I love corn on the cob and often bemoan the fact that I don't live near any decent source of local corn on the cob. The corn down east was awesome! You could buy right off the side of the farm it grew on, picked that day. Peaches & cream was my favourite. If you couldn't go out into the countryside and get it, farmer's markets always had it, too. The best corn I've ever had came from the suburbs around Chicago for like 25 cents a cob.

25 cents a cob? I am not kidding. I got 2 ears of corn for $1.49 at the local overpriced grocery store yesterday. And it wasn't peaches & cream. And it kinda sucked. This is why I very rarely buy corn anymore (the other reason is that it's genetically modified and I'm trying to cut down on my GM foods).

Luckily, this feta butter made up for the suckage. I didn't use mint, but rather picked some cilantro from my garden - a herb I'll take any day over mint.

This was da bomb! And so simple! It was truly a treat, despite the mediocre corn. I had some BBQ salmon with it and it was a great meal. Definitely a keeper recipe.

Tuesday, July 28, 2009

Book Review: The Fruit Hunters

I've had this book sitting around for a long time, and I procrastinated for months before finally finishing it today. One of the reasons was the introduction didn't grip me. An introduction should be gripping, shouldn't it? Somewhat? The second reason was that we were having cat peeing/marking issues at the time, and this book was a victim. I sat it on the stairs, where it collected dust and cat hair, so that it could dry out and de-odourize a bit. Eventually, I got sick of it there and did my duty as a book reviewer.

The Fruit Hunters: A Story of Nature, Adventure, Commerce, and Obsession by Adam Leith Gollner is a wild ride to say the least. Taking the reader to the margins of society - much like Krakauer did in Under the Banner of Heaven - this book explores the world of, well, fruit. But not just our grocery store fruit - we're talking the exotic, the rare, and the downright weird fruits that 99% of us will never see in our lives. Gollner travelled the planet during his research, going to the Seychelles in search of the endangered coco-de-mer; the junlges of Borneo to sample the stinky durian in it's natural habitat; Cameroon in search of the miracle fruit; as well as a bunch of other far off places like Hawaii, Thailand, and South America. Along the way, Gollner exposes a cornecopeia of not only exotic fruits, but strange, strange people.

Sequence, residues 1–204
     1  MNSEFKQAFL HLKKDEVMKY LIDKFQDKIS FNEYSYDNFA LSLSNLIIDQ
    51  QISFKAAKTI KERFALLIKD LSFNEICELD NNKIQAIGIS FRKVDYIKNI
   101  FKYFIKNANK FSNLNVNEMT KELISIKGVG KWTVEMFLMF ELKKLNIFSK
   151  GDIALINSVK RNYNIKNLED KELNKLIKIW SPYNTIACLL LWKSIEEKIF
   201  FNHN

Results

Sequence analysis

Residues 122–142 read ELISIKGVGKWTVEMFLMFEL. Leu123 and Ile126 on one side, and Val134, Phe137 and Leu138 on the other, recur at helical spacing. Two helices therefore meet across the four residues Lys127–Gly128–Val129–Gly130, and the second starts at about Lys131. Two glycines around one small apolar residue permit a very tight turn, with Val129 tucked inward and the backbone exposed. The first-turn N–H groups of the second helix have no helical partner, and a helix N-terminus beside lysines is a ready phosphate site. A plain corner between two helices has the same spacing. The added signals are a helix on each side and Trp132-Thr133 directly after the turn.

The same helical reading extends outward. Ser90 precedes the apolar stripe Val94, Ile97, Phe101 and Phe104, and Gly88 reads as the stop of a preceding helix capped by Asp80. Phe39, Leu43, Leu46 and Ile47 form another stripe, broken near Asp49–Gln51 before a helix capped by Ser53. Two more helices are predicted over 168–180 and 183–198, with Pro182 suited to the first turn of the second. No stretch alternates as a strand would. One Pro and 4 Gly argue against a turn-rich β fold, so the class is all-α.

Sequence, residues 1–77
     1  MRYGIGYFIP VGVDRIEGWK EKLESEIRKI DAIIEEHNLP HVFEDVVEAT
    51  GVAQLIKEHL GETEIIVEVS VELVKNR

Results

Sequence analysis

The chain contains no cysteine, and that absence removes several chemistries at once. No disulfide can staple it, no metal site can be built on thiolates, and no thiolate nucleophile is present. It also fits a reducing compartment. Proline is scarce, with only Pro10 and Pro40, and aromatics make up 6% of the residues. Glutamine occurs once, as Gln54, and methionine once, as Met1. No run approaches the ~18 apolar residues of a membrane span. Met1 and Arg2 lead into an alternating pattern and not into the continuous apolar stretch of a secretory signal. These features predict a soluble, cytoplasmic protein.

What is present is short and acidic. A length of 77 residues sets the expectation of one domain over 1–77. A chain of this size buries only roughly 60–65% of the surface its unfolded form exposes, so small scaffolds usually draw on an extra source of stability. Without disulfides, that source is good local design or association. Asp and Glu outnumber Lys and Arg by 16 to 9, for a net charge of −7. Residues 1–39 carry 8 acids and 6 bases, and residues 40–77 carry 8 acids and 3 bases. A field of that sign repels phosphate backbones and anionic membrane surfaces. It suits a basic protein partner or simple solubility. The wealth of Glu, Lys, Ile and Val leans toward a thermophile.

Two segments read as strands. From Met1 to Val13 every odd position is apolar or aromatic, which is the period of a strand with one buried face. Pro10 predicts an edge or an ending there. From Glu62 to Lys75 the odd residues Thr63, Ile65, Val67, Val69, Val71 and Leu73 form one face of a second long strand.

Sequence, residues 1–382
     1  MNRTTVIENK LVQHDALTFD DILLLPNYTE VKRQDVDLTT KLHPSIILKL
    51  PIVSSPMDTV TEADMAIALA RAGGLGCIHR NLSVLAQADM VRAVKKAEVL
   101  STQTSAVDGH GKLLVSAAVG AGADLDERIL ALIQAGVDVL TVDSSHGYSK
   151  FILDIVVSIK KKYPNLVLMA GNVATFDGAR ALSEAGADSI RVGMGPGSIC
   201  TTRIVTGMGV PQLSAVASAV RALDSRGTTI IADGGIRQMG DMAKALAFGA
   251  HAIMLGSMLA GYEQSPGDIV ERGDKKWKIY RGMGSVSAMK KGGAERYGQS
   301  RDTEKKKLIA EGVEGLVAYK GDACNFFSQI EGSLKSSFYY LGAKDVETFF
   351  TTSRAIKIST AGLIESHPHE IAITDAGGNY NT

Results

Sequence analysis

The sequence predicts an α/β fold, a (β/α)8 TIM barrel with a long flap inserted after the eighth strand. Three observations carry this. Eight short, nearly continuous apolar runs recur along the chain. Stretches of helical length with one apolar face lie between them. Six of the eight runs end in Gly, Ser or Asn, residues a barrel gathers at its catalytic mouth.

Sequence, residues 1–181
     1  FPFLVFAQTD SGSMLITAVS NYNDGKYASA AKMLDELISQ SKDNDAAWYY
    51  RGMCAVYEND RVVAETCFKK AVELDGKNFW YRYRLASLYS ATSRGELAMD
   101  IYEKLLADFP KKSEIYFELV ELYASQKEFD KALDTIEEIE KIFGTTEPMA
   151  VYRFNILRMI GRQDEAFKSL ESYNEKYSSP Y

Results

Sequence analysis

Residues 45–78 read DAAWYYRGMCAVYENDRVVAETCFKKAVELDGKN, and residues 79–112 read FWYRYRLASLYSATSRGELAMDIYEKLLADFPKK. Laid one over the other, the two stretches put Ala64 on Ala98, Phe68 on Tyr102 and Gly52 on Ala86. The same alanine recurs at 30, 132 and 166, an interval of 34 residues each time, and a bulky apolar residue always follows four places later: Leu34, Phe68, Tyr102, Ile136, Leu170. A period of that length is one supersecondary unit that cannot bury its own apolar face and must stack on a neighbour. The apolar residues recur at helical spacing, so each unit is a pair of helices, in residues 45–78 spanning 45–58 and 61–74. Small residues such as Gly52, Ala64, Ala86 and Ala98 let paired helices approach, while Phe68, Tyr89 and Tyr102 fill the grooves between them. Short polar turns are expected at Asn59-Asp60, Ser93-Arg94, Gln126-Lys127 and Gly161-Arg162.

As with most books I read, it's the characters that grab me, and this book was no different. The author meets some of the most obsessed whackos non-fiction has to offer. You couldn't make up some of these people if you wanted to.

There are fruitarian Doomsday cultists in Arizona. There are vicious fruitleggers. There are mega-rich men who spend their time collecting exotic fruit trees. There is the weirdo who invented the Grapple. There are men who make it their life's work to go clomping around the world's jungles cataloging every fruit they come across. There is the guy in Florida commonly known as "Graftin' Clafton", who is addicted to grafting to the point where security guards now make him leave his grafting implements at the door when he enters a certain botanical garden (he'd been caught grafting different species there too many times).

The Fruit Hunters also is a depressing overview of our modern fruit and agriculture industries. The chapter on marketing fruits here in North America was extremely disheartening. I will never go into a grocery store's produce aisle and look at the fruit displayed there the same way ever again.

A few things I'd like to point out:

  • never buy Grapples. Trust me. It's not worth it and I wouldn't give that idiot any of my money
  • 90% of the foods we eat derive from about 30 plant species
  • fruit hunting isn't cheap, which is why it seems to be dominated by rich white men - most of them American
  • some guy named Bob Harvey invented a nuclear powered artificial heart in the 1960s - WTF?

A fascinating read, one that I totally recommend.

Ask & You Shall Receive...

Not too long ago, I left a comment on Bob's blog, jokingly upset that I never got any freebies from the POM people like he did. Well, shortly thereafter I got an email from POM asking me if I'd like some free samples. Like I'd say no! I got the coupons last week and then proceeded to find somewhere to use them at. The coupons stipulate that the maximum price they could be redeemed for was $4.99. Of course, the local overpriced grocery store - being exactly as my moniker indicates, overpriced - sells the POM juices for $5.99.

I hate to say this because I like the idea of my local grocery store, but Safeway is now officially my favourite grocery store. It sells POM for the coupon price of $4.99 (additionally, milk and eggs are also cheaper there). It just happens to be in a different city and I have to travel some to get there.